The government on Wednesday said it aims to privatize the management and operation of the Ninoy Aquino International Airport (NAIA) by the first quarter of 2024.
“That is a very tough and tight schedule. We can say that is doable in the first quarter of next year,” said Transportation Undersecretary for Aviation and Airports Roberto Lim.
“That takes time. If there is more than one participant, we will have to talk to all of them. It will take time,” he added.
Lim said privatization would have its upside in terms of efficiency in passenger and flight movement, and would generate income for the government.
“There is a lot of upside when you upgrade NAIA. You introduce efficiencies. That means you can process more passengers, you can take in more flights, and more revenues—[which] means a larger share for the government,” he said.
Lim also clarified issues surrounding the airport’s privatization, including the role of the Manila International Airport Authority (MIAA) once the privatization takes place and the airport employees.
“The relationship between MIAA and the concessionaire will be regulator-operator. The MIAA will continue to operate as a body that will regulate [and] oversee,” he said.
“Generally [there will be] no loss of employment. Airport employees will be offered the opportunity to work when the airport facilities are privatized,” he added.
Lim said that all airport assets at the NAIA still belong to the government with the private concessionaire limited to an operations and management role.
On Friday, the Department of Transporation (DOTr) and MIAA submitted a joint proposal for the NAIA solicited Public Private Partnership (PPP) Project for approval by the National Economic and Development Authority (NEDA) Board, giving the private concessionaire 15 years to operate the airport and recover its investment.
Senator Grace Poe said if the airport operations had been privatized earlier, the country might have avoided many of its problems.
“We could have averted the glitches that messed up the flight schedules and inconvenienced thousands of travelers had the modernization of the airport’s air traffic control and operations been undertaken years ago,” Poe said.
The proposal to enlist a private concessionaire to operate the country’s main gateway, she said, was one of her priority recommendations in the committee report on the NAIA power glitches.
“Like any concessionaire, we need to ensure that this private entity lives up to its commitment to improve air services in the country,” said Poe, who chairs the Senate committee on public services.
She noted the government should require an accomplishment timeline, performance matrix, and penalties for any default.
“We have seen how the transformation of the Mactan-Cebu International Airport by a private consortium and its improved services and facilities have positively impacted on tourism and passenger experience,” Poe said.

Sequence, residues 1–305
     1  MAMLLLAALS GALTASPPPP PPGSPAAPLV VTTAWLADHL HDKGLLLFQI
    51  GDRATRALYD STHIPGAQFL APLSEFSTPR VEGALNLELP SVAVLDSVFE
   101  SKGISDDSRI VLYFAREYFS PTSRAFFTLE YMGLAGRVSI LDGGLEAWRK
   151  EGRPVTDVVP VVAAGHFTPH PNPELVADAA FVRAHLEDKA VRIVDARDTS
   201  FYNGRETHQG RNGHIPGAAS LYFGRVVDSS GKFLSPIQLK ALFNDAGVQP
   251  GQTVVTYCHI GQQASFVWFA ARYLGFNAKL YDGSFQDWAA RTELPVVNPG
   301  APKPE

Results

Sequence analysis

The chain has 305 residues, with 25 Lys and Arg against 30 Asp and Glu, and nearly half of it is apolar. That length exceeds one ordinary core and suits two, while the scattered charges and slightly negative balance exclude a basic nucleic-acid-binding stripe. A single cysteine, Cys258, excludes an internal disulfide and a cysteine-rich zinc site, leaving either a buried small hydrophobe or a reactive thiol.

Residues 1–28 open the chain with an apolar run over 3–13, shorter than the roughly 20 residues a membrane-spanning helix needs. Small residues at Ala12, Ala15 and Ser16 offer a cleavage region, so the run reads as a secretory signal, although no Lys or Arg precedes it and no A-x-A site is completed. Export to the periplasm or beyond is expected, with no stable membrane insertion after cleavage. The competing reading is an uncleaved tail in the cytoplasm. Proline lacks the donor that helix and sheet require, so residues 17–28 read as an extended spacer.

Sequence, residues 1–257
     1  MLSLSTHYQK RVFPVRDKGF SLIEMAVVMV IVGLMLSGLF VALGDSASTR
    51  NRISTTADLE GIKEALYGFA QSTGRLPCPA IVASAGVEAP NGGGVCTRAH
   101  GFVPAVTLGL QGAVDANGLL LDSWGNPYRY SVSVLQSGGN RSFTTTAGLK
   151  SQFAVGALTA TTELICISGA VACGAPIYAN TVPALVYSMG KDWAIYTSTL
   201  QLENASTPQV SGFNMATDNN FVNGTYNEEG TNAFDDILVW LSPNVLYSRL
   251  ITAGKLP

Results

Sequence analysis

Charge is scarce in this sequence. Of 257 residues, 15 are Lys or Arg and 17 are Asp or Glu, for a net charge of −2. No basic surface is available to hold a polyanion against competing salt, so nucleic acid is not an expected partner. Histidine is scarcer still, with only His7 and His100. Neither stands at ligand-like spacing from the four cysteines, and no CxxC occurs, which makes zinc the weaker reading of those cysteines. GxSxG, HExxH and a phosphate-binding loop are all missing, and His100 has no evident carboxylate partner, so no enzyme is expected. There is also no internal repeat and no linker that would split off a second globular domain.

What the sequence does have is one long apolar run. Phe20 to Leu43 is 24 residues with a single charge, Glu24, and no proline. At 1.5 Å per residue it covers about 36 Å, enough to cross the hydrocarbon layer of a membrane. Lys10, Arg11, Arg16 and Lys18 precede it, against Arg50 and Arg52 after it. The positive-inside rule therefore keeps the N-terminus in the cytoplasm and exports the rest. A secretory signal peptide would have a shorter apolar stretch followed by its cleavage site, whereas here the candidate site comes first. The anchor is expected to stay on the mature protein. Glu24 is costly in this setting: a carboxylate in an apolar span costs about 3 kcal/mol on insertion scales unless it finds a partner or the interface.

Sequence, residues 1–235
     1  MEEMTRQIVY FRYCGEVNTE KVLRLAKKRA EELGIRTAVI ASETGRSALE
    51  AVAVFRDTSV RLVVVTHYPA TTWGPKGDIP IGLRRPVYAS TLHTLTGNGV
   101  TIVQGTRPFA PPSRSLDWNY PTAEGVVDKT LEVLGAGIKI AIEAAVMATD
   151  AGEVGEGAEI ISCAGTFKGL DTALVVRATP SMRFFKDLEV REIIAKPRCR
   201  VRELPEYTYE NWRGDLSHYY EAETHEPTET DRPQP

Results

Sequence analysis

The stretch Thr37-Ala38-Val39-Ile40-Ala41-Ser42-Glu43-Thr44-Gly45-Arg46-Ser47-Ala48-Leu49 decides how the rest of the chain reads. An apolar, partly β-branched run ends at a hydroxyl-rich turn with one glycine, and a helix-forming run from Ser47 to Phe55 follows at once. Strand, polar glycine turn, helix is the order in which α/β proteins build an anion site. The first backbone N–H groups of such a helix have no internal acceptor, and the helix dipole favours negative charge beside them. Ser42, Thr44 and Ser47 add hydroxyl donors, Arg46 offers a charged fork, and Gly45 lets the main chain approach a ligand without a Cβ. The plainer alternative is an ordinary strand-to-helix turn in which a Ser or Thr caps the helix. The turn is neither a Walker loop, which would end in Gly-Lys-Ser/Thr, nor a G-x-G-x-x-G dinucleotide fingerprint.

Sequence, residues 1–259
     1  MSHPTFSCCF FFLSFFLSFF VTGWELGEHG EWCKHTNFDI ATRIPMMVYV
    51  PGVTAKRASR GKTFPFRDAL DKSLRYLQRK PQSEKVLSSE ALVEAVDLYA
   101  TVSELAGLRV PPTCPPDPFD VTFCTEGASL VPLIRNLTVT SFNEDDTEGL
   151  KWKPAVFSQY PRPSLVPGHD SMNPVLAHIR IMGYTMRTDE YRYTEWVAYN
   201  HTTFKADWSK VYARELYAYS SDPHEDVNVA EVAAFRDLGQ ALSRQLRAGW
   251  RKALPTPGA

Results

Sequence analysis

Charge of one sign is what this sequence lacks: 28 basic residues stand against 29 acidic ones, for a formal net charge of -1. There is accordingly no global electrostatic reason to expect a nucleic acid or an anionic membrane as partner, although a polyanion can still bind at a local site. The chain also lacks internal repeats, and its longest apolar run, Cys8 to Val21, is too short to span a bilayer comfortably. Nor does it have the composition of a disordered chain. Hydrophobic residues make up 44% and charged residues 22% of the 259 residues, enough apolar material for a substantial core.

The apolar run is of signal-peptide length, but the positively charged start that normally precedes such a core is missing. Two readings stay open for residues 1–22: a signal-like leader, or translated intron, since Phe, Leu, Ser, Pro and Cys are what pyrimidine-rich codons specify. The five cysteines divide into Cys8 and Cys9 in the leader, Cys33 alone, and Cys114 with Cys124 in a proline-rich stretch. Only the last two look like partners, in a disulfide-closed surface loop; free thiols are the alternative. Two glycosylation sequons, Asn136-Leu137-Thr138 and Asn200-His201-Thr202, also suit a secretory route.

She said this could be a template for the modernization of the NAIA operations.
“It’s time to start fixing our country’s premier gateway. Filipinos and foreign travelers deserve a better airport,” she said.
The Bureau of Immigration (BI) welcomed the proposal to modernize NAIA, saying it will facilitate the delivery of faster and efficient immigration services to the traveling public.
Immigration Commissioner Norman Tansingco said the BI fully supports a joint proposal recently submitted by the DOTr and Manila International Airport Authority to NEDA to undertake the NAIA modernization.
The proposal seeks to upgrade the facilities of the country’s premiere airport through a public-private partnership scheme that will be undertaken by a private concessionaire who will invest in the project.
“As we have repeatedly stressed, the expansion of NAIA’s facilities is necessary so we can avoid these long queues in our immigration counters and expedite the processing of the thousands of international passengers who arrive and depart at the airport daily,” Tansingco said.
The BI chief said he hopes that with a modernized NAIA, the immigration areas in NAIA’s terminals will be widened and additional immigration booths will be installed to enable it to cope with the ever increasing volume of passengers at the airport.
Tansingco stressed that lack of manpower is no longer a problem for the BI with the continuous hiring of new BI officers in recent years.
“What we need at the NAIA is additional space and more immigration counters so that these long passenger queues will become a thing of the past,” he added.
He said the proposed NAIA modernization project could not have come at a more opportune time, citing the recent approval by the House of Representatives of a new Philippine immigration law that will replace the antiquated 1940 Immigration Act.
The Senate is now expected to tackle the immigration bill, which is among the bills that Malacañang has certified as urgent to Congress.